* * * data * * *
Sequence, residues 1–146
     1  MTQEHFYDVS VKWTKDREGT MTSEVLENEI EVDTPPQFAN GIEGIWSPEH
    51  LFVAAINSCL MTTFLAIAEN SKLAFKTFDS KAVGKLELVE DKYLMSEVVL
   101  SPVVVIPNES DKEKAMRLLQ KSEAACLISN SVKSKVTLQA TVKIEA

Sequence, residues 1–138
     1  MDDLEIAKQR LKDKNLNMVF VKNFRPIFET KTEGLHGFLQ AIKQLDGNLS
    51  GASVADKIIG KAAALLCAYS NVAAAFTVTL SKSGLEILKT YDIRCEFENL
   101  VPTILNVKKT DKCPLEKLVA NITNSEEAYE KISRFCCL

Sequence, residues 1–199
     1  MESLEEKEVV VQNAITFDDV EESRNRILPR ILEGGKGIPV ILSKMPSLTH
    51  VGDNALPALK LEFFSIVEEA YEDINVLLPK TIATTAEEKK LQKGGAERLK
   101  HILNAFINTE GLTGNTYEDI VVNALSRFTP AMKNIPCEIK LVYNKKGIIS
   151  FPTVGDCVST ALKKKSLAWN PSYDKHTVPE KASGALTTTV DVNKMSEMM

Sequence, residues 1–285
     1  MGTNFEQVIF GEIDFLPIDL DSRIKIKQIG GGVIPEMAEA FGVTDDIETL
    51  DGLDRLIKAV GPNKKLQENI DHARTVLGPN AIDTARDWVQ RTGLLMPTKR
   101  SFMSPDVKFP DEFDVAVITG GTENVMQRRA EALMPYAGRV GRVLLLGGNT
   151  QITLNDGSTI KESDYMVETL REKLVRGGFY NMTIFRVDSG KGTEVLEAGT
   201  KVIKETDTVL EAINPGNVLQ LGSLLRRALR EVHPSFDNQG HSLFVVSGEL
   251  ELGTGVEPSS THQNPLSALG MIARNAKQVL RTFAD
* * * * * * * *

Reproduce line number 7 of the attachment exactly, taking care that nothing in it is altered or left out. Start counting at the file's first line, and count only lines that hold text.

    51  GASVADKIIG KAAALLCAYS NVAAAFTVTL SKSGLEILKT YDIRCEFENL